I spent the bulk of my time adjusting the player in the progressive mode. Like the interlaced setting, there are normal, fine, and cinema modes. In addition, there is an animation mode, for…you guessed it! Contrast, sharpness, color, brightness, and gamma, are the same as the interlaced mode. There are additional controls for turning the DCDi on and off, and adjusting the amount of enhancement of the image (or turning it completely off). I have no idea why you’d want to turn the DCDi off, as this is one of the benefits of this player. The Enhancer is an entirely different story, however. With the Enhancer off, the image was just too soft on the Toshiba. I played with this adjustment for several minutes, and discovered this control made a huge difference in the quality of the image. Anyone who has been ignoring this control needs to go into the menu and try moving the slider up and down! You will be greatly rewarded assuming that you’ve taken the time to optimize the basic adjustments like color, contrast, etc. I was less impressed with the changes made by changing the gamma, but with some DVDs it might help correct the picture in the direction towards a proper gray balance. Or, if you haven’t bitten the bullet and had your television properly adjusted, it would give you a chance to possibly correct an imbalance in the display.

The last thing I adjusted related to the DVD-A settings. This included the speaker sizes (off/normal/large), the levels for the various speakers, and the delay adjustments for the rear and center speakers. The center delay is adjustable for either 0/1.3/2.6/3.9/5.3 ms of delay, while the rear speakers are adjustable for either 0/5.3/10.6/15.9 ms of delay. There is a chart on page 81 of the manual to help you decide what the proper adjustment is based on speaker distance. It would have been much easier if you just entered what the distances were and the unit did all the calculations for you to leave out the chance of error.


I was anxious to get started and slipped a disc inside the DV-5900M. Immediately I became acquainted with one of the advantages of this machine—dual-sided play! I had inserted the disc in the wrong direction and it had started to play the Full-screen side. With the push of a button I was played the Widescreen side. I do have some older discs (like The Right Stuff) that are two-sided, and some discs have the features on the second side, so this is a big plus!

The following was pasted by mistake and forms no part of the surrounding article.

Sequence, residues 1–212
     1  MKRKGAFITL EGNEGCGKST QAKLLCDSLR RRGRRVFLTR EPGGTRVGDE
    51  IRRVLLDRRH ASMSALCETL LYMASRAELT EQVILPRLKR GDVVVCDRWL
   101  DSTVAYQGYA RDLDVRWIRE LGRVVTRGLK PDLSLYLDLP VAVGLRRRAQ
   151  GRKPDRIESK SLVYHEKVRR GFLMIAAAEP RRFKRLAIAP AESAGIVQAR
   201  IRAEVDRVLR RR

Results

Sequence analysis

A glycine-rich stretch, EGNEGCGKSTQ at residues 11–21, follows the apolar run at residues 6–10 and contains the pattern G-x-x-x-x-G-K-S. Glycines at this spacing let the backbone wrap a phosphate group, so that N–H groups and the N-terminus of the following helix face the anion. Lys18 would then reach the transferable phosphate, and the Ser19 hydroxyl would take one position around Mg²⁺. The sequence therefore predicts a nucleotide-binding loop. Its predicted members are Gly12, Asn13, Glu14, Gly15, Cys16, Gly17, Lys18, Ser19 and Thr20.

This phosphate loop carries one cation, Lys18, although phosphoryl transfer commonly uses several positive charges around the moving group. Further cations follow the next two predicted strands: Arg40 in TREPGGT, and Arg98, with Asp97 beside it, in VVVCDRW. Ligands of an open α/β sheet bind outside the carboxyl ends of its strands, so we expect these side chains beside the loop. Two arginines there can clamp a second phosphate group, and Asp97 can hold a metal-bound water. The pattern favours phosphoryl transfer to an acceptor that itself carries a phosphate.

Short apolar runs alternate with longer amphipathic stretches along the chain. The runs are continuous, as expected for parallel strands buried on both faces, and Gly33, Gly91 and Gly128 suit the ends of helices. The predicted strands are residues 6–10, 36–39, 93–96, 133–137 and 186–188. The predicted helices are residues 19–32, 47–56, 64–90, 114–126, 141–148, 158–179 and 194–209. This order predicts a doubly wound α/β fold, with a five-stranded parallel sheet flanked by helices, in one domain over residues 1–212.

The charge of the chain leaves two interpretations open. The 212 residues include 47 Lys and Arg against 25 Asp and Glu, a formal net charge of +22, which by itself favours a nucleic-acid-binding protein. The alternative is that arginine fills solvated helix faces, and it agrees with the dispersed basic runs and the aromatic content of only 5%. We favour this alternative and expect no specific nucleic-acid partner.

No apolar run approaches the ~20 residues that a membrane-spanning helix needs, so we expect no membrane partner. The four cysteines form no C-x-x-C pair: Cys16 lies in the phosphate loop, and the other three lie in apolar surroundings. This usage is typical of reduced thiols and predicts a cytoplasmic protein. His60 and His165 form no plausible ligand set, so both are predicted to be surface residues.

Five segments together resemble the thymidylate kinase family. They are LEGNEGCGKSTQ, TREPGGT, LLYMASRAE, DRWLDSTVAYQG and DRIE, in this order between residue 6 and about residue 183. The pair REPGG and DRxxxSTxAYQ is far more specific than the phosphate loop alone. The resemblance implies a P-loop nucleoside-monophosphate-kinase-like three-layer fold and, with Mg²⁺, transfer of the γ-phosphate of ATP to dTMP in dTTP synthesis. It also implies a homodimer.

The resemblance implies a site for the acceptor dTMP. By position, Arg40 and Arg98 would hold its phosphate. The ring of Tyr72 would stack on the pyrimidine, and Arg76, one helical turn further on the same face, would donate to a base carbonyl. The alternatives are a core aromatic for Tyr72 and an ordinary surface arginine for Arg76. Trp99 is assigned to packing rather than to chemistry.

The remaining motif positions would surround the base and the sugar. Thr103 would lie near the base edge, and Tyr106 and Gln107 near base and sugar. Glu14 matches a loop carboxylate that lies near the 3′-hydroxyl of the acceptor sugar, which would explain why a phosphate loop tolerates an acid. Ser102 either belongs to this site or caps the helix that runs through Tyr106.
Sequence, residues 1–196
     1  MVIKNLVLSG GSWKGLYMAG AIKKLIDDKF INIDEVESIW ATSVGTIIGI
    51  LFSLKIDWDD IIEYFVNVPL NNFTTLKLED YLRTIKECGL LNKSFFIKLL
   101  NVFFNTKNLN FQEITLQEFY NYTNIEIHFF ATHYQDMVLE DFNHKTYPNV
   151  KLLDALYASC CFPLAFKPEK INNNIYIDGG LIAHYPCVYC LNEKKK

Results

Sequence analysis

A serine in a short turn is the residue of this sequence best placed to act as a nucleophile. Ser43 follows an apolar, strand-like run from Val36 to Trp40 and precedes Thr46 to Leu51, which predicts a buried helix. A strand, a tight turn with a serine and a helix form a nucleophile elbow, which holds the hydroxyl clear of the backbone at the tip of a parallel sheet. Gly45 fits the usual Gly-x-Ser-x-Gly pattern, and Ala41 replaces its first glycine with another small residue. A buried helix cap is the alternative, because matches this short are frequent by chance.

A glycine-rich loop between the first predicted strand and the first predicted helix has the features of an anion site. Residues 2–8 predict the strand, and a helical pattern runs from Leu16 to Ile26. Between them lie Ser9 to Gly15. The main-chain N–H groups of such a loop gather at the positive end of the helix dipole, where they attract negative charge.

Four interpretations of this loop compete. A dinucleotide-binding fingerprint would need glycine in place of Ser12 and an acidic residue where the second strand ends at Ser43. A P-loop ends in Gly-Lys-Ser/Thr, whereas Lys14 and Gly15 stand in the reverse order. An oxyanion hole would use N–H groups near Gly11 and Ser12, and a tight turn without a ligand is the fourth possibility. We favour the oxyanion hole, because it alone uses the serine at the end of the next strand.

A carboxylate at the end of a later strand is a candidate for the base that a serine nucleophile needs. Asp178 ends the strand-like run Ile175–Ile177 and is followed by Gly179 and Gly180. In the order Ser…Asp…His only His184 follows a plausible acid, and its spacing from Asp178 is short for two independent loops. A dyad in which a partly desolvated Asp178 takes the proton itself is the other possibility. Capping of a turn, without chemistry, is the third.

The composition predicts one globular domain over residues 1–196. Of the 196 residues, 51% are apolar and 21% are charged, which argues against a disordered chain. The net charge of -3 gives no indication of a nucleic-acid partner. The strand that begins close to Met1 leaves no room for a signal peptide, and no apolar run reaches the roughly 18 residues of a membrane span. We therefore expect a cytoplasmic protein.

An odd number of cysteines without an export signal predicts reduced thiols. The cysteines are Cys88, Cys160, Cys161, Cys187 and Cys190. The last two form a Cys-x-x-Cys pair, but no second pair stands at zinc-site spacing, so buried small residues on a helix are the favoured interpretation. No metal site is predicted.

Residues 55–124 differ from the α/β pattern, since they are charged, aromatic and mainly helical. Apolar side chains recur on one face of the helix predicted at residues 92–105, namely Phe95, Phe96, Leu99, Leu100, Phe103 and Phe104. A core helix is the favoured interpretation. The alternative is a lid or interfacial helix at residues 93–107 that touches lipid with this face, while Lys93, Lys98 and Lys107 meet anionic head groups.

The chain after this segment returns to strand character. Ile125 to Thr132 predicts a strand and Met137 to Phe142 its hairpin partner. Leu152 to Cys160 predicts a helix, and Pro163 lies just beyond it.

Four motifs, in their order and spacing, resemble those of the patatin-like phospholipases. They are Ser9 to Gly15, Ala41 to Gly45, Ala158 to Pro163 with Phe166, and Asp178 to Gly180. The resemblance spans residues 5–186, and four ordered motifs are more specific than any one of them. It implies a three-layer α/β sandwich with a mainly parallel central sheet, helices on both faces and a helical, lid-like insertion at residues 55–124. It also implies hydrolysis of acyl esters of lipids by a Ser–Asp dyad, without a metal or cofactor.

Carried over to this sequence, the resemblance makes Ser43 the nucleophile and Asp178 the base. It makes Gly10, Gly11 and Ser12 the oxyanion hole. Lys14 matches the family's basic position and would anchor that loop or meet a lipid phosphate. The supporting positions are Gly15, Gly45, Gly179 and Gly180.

You have to be careful when inserting discs into the DV-5900. After opening the main door, I went to put another movie inside, but didn’t hold it while letting slip into the slot and it fell inside the machine. I just stuck my fingers in and pulled it out, but care should be taken when loading the player. After the door is closed and play is chosen, the machine can take up to 30 seconds to start playing. This is due to the fact that it tries to search for new discs that have been inserted. DVD players typically take longer to start up compared with CD players, and the Kenwood was no exception. When the machine is playing and you want to switch to a different disc, it took about the same amount of time—I learned to be patient. You don’t have to be that patient, as you can add discs while the machine is playing!

When you insert a disc that already has text information on it (like Charlie’s Angels), the player displays the information in the window. It’s too bad that all the discs aren’t like that, but you can still enter the titles yourself via the keyboard, or connect to a computer and access them via the Internet. Another method would involve the companion Entré component that accesses cover art through the Internet and displays it on the television or whatever video device you have connected to it.

One of the advantages of the titling is the ability to do a search by character, music type, or through the user file. The DV-5900M lets you categorize discs in a couple of different ways. One is by genre (26 preset types), and the other is in a user file (8 available) in whatever way makes logical sense (such as “favorites”). You can then do searches through the created groups easily.

DVD Changer Control Software

On Kenwood’s website there is a place for setting up a user profile and downloading the necessary software to control the DV-5900M. I was unable to get it to work, and was told by Kenwood that the site was temporarily down. Hopefully, this will soon be rectified. After contacting customer service, I talked to a gentleman named Nick. He emailed me the file I needed to control the DVD changer. I asked him a couple technical questions, and although he wasn’t completely sure of the answers on the phone, he emailed the answers within minutes. This kind of response is rare for any company, much less one as large as Kenwood—it was very refreshing!